If this is spring then the Seville oranges are here and that means Derek Griffith is slaving away in his kitchen preparing this year’s batch of delectable Rugglestone Marmalade. It’s highly recommended that you give Derek a ring to arrange collection.
Last Week’s Meeting
Our Guest Speaker was Grace Van Zyl from the Rotary Club, Johannesburg who was introduced by Mary O’Rafferty. Mary said she had attended (virtually) a meeting of the Johannesburg Rotary where the ideas of building a network of Peace Clubs was being discussed and thought it lined up so well with what we were already doing and with the aspirations of some of our members that she invited Grace to speak to us on Zoom from South Africa.
Grace is one of the prime movers of the Rotary Action Group for Peace whose motto is ‘Peace through Service’. She explained that the word ‘Peace’ can have different meanings for different people and goes way beyond the absence of war. Peace to a homeless person might mean a meal and a warm bed for the night. Peace to a woman suffering from domestic abuse might mean a safe refuge. Peace to a mother might be in the security in knowing that her children had been vaccinated and would not suffer from smallpox. Grace was wondering if our club would be interested in joining a growing number of Peace Clubs in Rotary Clubs around the world; after all, a central part of the mission of Rotary is to empower Rotarians to advance world understanding, goodwill and peace.
Her own club in Johannesburg was similar to the Dublin club, the first to be established in a new continent – Africa, in 1921. Their good works at the beginning included putting on Sunday night concerts in different wards of Johannesburg General hospital, promoting Boys’ Clubs, and helping with reconciliation after the miners’ strike and subsequent civil war in the 1920s. They were one of the 496 clubs which received a Peace Pipe letter from Keokuk Rotary in 1931 and duly responded. Keokuk is a little town of only 10,000 souls, on the Mississippi River midway between Chicago and Kansas. One of their members returned from an International Rotary conference in Vienna that year and was greatly disturbed by the rise of fascism and the looming danger of war. In 2019 the Keokuk Club sent out letters again to all clubs which had written back to them in 1931, feeling that again there was a need in the world for greater understanding and goodwill in the spirit of peace.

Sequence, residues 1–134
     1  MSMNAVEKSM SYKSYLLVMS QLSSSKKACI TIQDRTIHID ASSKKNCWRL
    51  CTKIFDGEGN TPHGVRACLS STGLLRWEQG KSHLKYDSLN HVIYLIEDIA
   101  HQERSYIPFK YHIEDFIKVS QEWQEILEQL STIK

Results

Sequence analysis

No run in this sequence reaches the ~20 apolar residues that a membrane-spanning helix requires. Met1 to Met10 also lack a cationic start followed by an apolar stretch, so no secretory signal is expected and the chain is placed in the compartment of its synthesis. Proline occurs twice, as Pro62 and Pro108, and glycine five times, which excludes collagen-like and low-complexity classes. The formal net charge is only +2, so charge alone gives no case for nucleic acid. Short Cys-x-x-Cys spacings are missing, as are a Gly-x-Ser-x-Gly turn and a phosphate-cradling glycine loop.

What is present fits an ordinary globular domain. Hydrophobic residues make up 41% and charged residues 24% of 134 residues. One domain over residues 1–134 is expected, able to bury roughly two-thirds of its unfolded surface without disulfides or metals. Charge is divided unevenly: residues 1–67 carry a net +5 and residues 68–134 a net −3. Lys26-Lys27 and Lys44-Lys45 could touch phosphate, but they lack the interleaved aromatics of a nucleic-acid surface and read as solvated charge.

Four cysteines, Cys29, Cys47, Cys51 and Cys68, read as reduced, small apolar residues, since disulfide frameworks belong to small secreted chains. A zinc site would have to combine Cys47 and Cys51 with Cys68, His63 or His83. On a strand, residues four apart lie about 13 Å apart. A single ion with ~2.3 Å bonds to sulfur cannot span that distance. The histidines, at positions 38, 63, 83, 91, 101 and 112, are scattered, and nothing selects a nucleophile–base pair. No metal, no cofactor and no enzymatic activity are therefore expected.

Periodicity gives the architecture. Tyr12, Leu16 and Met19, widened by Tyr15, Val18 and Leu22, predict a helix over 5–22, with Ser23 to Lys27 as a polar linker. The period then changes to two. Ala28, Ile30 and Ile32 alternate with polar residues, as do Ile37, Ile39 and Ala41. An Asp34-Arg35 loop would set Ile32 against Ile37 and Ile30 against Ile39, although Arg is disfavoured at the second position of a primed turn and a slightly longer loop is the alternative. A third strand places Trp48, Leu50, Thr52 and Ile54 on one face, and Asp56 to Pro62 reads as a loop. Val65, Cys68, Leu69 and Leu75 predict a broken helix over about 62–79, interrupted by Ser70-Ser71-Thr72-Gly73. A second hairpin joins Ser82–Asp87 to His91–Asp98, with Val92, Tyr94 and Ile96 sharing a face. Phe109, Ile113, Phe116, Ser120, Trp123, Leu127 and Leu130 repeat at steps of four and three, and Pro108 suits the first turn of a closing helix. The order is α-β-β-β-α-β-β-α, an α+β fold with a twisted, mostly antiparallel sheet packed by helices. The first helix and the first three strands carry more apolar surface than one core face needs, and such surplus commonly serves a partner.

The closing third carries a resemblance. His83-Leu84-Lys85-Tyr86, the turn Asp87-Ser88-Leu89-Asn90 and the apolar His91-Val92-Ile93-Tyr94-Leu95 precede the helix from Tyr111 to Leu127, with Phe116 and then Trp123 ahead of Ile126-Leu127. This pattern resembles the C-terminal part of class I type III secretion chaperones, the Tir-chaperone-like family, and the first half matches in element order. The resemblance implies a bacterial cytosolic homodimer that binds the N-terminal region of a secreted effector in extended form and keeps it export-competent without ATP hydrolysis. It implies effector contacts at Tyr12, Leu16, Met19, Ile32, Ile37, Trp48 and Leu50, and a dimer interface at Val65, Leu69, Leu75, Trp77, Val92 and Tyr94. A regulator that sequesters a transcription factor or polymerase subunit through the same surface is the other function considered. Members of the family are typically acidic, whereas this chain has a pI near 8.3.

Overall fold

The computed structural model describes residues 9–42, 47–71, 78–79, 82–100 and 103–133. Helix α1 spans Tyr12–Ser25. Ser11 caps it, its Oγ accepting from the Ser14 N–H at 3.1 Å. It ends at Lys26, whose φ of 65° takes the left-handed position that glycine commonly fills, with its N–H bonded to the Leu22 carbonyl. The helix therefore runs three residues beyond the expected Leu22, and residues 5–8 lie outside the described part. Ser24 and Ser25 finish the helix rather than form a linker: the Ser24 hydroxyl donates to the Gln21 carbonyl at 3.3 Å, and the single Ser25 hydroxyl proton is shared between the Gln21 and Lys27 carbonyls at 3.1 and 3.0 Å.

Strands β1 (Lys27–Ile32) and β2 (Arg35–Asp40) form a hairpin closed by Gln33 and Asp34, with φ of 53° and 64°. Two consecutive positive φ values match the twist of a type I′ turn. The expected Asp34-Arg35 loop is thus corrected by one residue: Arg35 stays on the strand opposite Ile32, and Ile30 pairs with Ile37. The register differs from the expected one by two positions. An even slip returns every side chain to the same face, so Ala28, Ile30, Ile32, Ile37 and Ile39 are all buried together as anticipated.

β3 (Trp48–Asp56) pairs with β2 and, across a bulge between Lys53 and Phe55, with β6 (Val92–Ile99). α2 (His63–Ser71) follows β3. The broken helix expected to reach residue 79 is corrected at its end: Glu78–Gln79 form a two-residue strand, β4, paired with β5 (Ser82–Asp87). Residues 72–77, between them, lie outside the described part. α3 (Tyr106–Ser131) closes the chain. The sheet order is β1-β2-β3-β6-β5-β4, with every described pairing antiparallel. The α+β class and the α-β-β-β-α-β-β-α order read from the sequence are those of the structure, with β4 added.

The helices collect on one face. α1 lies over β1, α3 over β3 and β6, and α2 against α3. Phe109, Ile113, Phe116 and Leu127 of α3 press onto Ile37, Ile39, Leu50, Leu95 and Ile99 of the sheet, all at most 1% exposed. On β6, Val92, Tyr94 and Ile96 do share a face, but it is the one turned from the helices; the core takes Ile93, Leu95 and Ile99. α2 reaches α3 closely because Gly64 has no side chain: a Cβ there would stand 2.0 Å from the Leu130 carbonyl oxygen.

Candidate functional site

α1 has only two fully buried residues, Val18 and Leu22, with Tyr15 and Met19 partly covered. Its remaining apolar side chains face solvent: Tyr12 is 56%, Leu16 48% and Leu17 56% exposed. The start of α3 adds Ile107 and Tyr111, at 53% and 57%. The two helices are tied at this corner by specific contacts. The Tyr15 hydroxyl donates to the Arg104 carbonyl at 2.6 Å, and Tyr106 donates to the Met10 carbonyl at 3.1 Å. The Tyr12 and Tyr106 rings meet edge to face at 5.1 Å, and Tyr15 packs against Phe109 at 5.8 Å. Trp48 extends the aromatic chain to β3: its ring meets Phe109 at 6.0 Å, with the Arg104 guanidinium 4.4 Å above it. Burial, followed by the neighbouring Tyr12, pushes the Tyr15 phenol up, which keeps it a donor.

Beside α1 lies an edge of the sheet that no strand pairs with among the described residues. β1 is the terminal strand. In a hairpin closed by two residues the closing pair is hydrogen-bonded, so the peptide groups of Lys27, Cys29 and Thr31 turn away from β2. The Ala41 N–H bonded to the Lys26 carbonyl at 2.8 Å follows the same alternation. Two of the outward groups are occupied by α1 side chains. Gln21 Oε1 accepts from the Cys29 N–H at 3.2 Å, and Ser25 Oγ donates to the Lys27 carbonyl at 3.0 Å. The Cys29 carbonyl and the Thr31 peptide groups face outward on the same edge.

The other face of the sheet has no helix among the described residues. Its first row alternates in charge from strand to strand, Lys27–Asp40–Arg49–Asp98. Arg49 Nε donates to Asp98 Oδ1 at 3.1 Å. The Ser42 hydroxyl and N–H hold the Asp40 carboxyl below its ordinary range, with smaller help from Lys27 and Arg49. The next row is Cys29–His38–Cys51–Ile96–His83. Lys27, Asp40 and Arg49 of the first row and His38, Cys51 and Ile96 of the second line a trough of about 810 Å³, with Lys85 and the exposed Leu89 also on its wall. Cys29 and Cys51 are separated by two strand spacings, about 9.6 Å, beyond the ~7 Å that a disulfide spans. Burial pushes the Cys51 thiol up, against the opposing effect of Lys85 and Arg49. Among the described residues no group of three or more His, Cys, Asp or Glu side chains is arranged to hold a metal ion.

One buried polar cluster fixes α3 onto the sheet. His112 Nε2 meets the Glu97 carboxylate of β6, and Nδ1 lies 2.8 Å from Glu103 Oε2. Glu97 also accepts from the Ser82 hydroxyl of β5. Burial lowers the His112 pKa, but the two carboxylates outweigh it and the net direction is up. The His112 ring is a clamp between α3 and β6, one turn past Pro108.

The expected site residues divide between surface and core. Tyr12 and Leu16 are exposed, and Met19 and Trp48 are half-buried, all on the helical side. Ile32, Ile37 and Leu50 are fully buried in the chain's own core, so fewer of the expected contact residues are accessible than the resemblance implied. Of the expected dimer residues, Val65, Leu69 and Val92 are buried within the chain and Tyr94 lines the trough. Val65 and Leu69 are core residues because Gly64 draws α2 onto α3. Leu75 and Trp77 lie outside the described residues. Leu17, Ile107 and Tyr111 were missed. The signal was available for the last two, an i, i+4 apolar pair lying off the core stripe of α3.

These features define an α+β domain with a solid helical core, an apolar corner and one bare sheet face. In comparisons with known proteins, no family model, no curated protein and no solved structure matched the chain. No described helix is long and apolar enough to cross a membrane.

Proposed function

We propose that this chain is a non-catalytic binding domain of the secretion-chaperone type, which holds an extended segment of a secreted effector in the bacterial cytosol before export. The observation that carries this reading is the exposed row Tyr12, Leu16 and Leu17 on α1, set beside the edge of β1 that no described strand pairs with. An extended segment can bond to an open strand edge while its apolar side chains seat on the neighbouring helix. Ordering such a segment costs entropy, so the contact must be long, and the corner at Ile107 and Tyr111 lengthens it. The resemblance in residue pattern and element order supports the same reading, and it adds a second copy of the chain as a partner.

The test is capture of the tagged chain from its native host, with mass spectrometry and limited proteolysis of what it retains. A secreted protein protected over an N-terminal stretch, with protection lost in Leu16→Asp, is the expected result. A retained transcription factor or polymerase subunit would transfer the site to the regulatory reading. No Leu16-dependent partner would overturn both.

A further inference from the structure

Would we consider applying to become one of the Peace Clubs? To start you only need to form a committee of at least two members and think about how the word ‘Peace’ can come into at least one of the projects we undertake each year. Educate, empower and engage. Maximise the peacebuilding impact of every project. It can provide a way to raise the profile of Rotary with its motto and the 4-Way Test. Just as ‘End Polio Now’ had become a rallying cry for Rotary, so too could the Peace Builder Clubs.
There are three main ideas: Simplify, Unify and Engage. Simplify – Individual responsibility and integrity, Respect and fairness, Intergroup Cohesion and Community. Unify: Shared identity, shared goodness and shared values. Engage: Infuse with empowerment and responsibility. Resonate, motivate and embrace.